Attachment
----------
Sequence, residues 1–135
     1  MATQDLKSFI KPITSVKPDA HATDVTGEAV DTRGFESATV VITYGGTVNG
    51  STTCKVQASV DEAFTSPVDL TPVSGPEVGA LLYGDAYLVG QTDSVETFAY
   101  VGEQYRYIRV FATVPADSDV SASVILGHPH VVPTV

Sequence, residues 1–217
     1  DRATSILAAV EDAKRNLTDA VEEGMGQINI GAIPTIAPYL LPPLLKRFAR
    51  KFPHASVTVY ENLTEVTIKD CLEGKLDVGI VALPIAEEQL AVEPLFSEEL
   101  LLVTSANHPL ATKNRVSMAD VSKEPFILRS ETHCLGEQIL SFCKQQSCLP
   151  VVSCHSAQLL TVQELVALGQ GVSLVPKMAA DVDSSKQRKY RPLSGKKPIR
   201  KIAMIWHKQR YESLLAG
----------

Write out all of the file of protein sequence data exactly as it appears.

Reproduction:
Sequence, residues 1–135
     1  MATQDLKSFI KPITSVKPDA HATDVTGEAV DTRGFESATV VITYGGTVNG
    51  STTCKVQASV DEAFTSPVDL TPVSGPEVGA LLYGDAYLVG QTDSVETFAY
   101  VGEQYRYIRV FATVPADSDV SASVILGHPH VVPTV

Sequence, residues 1–217
     1  DRATSILAAV EDAKRNLTDA VEEGMGQINI GAIPTIAPYL LPPLLKRFAR
    51  KFPHASVTVY ENLTEVTIKD CLEGKLDVGI VALPIAEEQL AVEPLFSEEL
   101  LLVTSANHPL ATKNRVSMAD VSKEPFILRS ETHCLGEQIL SFCKQQSCLP
   151  VVSCHSAQLL TVQELVALGQ GVSLVPKMAA DVDSSKQRKY RPLSGKKPIR
   201  KIAMIWHKQR YESLLAG